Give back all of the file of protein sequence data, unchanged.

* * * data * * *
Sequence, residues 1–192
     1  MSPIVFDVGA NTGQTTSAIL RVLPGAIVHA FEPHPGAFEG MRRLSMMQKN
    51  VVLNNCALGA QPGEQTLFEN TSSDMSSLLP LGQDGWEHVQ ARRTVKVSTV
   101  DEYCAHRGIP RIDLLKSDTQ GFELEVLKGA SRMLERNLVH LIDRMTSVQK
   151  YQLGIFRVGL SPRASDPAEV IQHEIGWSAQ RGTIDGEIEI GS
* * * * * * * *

Sequence, residues 1–192
     1  MSPIVFDVGA NTGQTTSAIL RVLPGAIVHA FEPHPGAFEG MRRLSMMQKN
    51  VVLNNCALGA QPGEQTLFEN TSSDMSSLLP LGQDGWEHVQ ARRTVKVSTV
   101  DEYCAHRGIP RIDLLKSDTQ GFELEVLKGA SRMLERNLVH LIDRMTSVQK
   151  YQLGIFRVGL SPRASDPAEV IQHEIGWSAQ RGTIDGEIEI GS